Availability of data and materials

All authors agree for the manuscript to be made freely available.

The datasets generated and/or analysed during the current study are not publicly available but are available from the corresponding author on reasonable request.


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We would like to firstly thank all the patients involved in this study, as well as the United Kingdom Primary Immunodeficiency Association (UKPIA) for their assistance with organising the distribution of the questionnaire.


A small amount of funding was provided by the UK PIA at the time of questionnaire formation, which covered the printing and distribution of questionnaires. The UK PIA was dissolved and replaced by UKPIN around 2011, and no further funding has been available or sought.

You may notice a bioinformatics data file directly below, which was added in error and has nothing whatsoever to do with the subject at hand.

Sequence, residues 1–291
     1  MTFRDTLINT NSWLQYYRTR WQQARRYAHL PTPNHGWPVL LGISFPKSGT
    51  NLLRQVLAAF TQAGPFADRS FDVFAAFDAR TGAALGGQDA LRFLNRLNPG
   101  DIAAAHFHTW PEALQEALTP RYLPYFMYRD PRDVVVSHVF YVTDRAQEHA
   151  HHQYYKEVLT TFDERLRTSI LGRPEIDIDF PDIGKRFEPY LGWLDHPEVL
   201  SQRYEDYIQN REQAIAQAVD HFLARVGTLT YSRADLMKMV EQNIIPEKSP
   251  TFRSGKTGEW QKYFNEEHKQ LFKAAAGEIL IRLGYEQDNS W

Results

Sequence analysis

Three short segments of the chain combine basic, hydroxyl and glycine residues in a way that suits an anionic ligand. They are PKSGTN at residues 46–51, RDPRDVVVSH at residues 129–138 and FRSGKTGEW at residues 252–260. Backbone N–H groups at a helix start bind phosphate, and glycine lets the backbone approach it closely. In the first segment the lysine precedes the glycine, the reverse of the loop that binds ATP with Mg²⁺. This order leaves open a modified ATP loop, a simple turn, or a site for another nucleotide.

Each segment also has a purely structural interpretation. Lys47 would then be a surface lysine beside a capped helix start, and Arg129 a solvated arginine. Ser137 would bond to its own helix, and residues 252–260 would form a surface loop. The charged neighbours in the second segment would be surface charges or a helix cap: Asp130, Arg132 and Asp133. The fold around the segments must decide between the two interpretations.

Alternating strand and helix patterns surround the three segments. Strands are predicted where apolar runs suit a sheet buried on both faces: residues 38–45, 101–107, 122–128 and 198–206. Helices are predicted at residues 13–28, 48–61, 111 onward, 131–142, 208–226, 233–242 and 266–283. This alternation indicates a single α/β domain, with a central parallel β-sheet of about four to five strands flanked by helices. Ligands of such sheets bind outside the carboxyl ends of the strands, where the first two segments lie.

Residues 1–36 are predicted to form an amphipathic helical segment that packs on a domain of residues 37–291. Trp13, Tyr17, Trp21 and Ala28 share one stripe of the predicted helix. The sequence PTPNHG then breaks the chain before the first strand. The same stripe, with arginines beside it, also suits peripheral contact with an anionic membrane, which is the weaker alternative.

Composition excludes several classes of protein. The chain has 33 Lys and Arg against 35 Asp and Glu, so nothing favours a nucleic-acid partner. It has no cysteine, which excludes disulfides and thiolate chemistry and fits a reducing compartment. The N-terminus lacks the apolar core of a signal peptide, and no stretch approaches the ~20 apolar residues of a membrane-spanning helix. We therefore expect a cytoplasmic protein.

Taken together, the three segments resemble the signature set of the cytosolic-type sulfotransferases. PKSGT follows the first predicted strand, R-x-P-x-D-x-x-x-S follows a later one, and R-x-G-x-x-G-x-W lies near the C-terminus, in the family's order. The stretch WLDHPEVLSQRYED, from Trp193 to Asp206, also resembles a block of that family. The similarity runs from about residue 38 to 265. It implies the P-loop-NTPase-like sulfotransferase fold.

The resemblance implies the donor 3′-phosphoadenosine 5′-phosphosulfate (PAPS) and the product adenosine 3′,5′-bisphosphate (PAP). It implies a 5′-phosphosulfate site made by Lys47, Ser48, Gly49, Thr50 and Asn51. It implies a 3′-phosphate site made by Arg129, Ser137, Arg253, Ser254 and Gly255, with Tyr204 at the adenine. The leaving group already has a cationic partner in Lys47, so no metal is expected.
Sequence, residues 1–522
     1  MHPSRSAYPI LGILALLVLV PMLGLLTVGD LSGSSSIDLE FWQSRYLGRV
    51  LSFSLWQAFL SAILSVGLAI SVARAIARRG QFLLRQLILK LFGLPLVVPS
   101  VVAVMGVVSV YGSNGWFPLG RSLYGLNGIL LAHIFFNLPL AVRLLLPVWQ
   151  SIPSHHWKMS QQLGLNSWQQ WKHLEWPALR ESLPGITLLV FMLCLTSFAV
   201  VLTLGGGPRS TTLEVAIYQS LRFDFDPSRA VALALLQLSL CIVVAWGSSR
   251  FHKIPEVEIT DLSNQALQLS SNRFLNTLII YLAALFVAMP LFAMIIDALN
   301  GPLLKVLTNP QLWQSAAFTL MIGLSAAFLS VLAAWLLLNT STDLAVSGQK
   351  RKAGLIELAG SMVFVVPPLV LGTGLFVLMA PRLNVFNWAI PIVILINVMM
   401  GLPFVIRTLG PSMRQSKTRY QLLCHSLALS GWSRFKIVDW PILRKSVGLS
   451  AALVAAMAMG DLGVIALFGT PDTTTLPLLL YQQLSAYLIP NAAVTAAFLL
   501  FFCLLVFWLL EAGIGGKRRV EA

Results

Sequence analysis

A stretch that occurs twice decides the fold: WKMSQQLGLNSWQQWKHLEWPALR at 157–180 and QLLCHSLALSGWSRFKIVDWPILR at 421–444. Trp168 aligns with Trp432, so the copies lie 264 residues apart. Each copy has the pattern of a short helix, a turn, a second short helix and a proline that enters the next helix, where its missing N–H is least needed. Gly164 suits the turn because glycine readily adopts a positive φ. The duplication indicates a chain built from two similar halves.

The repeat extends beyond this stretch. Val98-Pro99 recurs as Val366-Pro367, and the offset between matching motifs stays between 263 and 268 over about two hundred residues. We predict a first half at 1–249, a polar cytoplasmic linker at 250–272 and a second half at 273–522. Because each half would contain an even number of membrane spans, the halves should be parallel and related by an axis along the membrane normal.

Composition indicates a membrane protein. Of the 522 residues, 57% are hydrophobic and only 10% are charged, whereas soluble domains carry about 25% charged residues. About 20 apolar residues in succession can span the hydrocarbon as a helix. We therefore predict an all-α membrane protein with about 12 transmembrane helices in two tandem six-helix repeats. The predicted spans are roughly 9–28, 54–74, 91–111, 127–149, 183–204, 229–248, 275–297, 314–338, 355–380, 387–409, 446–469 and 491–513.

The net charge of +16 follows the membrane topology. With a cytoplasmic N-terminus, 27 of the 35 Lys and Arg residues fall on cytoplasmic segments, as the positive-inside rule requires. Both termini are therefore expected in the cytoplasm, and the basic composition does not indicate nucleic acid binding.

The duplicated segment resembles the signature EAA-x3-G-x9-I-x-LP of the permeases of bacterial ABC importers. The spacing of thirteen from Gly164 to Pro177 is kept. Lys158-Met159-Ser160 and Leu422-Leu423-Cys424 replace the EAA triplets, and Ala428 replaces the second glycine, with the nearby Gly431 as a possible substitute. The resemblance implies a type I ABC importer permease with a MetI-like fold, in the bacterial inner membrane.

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RAB and ASB were responsible for conceptualisation and methodology of this study. RAB performed the data analysis and wrote the original draft. All authors read and approved the final manuscript.

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Correspondence to Rhea A. Bansal.

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Bansal, R.A., Tadros, S. & Bansal, A.S. The presence of overlapping quality of life symptoms in primary antibody deficiency (PAD) and chronic fatigue syndrome (CFS). Allergy Asthma Clin Immunol 16, 21 (2020).